The Smithsonian Institution
has awarded fellowships to 10 artists to conduct research at Smithsonian museums and research facilities as part of the Institution’s Artist Research Fellowship Program. The 10 artists are Kader Attia (Paris), Peter Coffin (Brooklyn, N.Y.), Jamal Cyrus (Houston), Nancy Friedemann-Sanchez (born in Colombia; living in New York), Brian Jungen (Vancouver, British Columbia), Candice Lin (Los Angeles), Linn Meyers (Washington, D.C.), Henrique Oliveira (São Paulo, Brazil), J. Morgan Puett (Beach Lake, Penn.) and Alison Elizabeth Taylor (Brooklyn, N.Y.)
The Smithsonian’s Artist Research Fellowship Program was launched in 2007 to award research fellowships to accomplished artists in the United States and from abroad.
“While the Smithsonian has long hosted historians, scientists and other researchers, the Artist Research Fellowship program invites artists to come to the Smithsonian to discover, explain and react to its holdings and expertise,” said Jane Milosch from the Smithsonian’s Office of the Under Secretary for History, Art and Culture. “Possibly no other artist residency program in the United States, or perhaps the world, offers artists access to such a wide range of interdisciplinary collections and scholarship.”
A panel of 14 art curators and scholars from throughout the Smithsonian reviewed the applications. They selected the artists from 64 applicants nominated by national and international art curators, independent art critics and scholars and former artist research fellows. The fellowships include a financial award that enables the artists to use Smithsonian resources for a two-month residency period.
French artist Attia will conduct research at the National Museum of African Art. He will investigate the Congo’s cultural capacity to recycle and reprocess what Western society produces, consumes and throws away, and how Western culture represents these objects in museographic, scientific or aesthetic contexts.
Coffin, from Brooklyn, N.Y., will conduct research to consider building an advanced “Stellartron,” a device for receiving interstellar communication, and his research will be based at the National Air and Space Museum and the Smithsonian Astrophysical Observatory in Cambridge, Mass.
Cyrus, from Houston, will investigate “sonic resistance,” the role of music in the development of mass political awareness, and the role of the music industry as a positive or negative force in this equation. His research will be conducted at the National Museum of American History, the Center for Folklife and Culture Heritage and the National Portrait Gallery.
New York artist Friedemann-Sanchez will examine botanical illustrations and lace from the colonial era in the United States and compare them with historical lace designs depicted in colonial paintings. She will work with the lace collection at the Cooper-Hewitt, National Design Museum in New York, the Smithsonian American Art Museum and the National Museum of Natural History.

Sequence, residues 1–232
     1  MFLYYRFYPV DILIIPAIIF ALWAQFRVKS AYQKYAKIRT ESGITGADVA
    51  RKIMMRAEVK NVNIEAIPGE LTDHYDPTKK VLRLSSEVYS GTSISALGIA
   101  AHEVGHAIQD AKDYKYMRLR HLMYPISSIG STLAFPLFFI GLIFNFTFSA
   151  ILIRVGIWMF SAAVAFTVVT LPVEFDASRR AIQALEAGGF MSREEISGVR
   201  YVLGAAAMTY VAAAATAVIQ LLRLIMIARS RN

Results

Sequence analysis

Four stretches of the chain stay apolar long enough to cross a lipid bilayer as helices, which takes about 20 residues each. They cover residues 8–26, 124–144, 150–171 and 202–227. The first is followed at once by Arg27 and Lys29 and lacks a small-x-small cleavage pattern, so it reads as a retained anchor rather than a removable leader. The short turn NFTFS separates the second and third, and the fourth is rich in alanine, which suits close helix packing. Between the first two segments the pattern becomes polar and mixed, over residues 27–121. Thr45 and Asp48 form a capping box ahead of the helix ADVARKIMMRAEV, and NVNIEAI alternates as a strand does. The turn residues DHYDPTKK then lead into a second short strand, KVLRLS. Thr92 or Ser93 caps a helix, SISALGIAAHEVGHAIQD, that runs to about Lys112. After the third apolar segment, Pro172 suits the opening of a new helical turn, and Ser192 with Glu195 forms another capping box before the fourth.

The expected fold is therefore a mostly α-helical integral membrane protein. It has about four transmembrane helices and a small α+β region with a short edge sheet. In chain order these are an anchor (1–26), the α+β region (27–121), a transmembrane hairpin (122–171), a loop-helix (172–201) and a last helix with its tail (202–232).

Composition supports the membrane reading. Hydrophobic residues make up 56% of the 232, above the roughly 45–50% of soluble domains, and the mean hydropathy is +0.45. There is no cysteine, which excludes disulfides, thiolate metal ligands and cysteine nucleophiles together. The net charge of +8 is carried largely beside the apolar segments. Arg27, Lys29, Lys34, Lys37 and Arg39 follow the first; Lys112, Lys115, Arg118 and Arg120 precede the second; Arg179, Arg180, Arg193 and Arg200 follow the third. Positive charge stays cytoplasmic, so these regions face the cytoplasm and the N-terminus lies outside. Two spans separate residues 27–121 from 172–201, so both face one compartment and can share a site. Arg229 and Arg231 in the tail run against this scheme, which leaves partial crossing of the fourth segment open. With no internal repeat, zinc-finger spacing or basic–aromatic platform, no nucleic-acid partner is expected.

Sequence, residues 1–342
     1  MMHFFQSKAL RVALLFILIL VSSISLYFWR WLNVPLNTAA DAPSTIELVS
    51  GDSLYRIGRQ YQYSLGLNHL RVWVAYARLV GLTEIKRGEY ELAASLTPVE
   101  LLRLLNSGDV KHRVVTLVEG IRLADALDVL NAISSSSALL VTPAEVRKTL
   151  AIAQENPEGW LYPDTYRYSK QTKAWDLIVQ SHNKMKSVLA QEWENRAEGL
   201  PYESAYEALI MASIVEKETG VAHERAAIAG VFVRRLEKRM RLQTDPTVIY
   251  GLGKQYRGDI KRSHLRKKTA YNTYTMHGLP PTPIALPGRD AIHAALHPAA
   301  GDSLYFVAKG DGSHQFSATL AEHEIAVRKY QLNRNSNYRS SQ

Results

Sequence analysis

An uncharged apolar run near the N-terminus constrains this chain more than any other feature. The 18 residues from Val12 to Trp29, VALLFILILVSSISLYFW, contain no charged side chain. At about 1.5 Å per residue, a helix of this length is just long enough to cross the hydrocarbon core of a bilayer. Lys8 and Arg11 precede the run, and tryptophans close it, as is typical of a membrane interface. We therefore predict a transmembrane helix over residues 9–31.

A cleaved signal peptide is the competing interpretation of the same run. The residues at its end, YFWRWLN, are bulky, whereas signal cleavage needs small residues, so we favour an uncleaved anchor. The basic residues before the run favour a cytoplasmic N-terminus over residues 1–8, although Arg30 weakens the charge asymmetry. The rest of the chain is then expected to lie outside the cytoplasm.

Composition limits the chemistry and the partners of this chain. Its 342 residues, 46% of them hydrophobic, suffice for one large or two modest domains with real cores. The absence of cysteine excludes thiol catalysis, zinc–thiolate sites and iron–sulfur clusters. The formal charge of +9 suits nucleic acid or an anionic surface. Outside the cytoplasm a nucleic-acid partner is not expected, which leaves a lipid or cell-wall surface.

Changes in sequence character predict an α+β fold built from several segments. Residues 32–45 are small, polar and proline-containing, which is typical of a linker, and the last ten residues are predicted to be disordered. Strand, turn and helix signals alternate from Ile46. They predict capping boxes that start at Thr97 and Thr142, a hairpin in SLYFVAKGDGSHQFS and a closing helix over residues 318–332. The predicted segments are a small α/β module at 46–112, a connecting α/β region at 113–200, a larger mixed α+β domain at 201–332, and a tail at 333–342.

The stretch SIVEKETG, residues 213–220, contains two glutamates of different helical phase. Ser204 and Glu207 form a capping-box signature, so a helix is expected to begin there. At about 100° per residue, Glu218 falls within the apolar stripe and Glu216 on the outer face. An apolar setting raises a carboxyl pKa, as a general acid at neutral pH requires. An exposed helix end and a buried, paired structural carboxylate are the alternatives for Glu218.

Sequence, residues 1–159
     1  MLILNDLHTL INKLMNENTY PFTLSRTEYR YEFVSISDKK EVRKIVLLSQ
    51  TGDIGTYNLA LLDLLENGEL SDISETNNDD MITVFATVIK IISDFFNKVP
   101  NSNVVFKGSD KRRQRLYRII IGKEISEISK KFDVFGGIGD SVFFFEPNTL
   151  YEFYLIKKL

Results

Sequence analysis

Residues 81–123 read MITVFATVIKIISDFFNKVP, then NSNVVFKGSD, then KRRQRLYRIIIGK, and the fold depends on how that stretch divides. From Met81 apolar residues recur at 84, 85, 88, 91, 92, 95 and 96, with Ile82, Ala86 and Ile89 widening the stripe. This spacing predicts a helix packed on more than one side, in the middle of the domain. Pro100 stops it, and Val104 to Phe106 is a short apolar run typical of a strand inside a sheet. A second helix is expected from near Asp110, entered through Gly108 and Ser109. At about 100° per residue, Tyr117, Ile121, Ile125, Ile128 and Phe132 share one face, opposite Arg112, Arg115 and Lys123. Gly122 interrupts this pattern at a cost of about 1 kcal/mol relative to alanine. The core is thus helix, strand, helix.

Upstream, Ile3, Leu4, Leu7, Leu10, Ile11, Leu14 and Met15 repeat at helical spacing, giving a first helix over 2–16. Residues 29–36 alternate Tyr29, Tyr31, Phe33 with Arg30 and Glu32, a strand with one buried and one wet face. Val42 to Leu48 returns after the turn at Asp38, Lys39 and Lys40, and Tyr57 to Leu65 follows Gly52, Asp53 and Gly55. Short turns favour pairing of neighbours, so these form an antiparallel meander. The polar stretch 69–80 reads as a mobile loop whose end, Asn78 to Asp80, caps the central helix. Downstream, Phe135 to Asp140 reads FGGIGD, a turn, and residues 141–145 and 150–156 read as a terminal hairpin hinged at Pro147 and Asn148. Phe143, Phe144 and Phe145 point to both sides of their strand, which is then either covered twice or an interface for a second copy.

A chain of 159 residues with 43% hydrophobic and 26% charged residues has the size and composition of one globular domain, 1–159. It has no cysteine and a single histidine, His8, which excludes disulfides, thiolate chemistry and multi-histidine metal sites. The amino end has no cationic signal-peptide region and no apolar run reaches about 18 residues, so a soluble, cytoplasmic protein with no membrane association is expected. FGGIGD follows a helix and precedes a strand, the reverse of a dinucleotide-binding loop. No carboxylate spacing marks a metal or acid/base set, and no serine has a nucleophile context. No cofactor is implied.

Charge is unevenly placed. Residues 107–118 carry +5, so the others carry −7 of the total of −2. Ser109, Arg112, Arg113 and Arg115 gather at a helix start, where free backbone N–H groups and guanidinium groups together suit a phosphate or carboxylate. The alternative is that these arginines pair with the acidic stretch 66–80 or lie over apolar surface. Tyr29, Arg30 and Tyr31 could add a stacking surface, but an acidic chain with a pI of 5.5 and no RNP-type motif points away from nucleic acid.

Jungen, from Canada, will divide his research between the National Museum of the American Indian and the National Air and Space Museum. He will investigate the connections between the scientific study of air and space and Native American beliefs regarding air and space to create an artwork in conjunction with his 2009-2010 exhibition at the National Museum of the American Indian.
California artist Lin will focus her research at the National Museum of Natural History, where she will investigate photographs and documents that record anthropologists or artists constructing ideas and images of alterity—the construction of cultural “otherness”—and different cultures. She also plans to spend time doing research at the National Museum of the American Indian in New York, the George Gustav Heye Center.
Meyers, from Washington, D.C., will explore the elastic qualities of time by studying time-keeping objects, renderings of these devices and physical theories, as well as works of art, to explain the subjective experience and physical nature of time in the collections at the National Museum of American History, the Hirshhorn Museum and Sculpture Garden, the Freer Gallery of Art and the Arthur M. Sackler Gallery.
Brazilian artist Oliveira will compare the techniques of abstract expressionist paintings and their surfaces to textures and forms found in nature. He will also research the interactions between malleable materials—particularly wood—and design. His research will use the collections of the Hirshhorn Museum and Sculpture Garden, the National Museum of Natural History and the Cooper-Hewitt, National Design Museum in New York.
Puett, from Beach Lake, Penn., will focus her research in the National Museum of American History’s costume collection, investigating the role of fashion and textile design in everyday forms from work uniforms to domestic interiors to working people, as well as the conservation and preservation of these objects.
Brooklyn, N.Y., artist Taylor will explore the collections at the Freer Gallery of Art and the Arthur M. Sackler Gallery and the Cooper-Hewitt, National Design Museum in New York to examine the many ways in which artists memorialize stories through the labor-intensive technique of inlay, and conduct an historical and cross-cultural study of the many different aesthetic approaches and materials that inform the technical effects of the inlay process.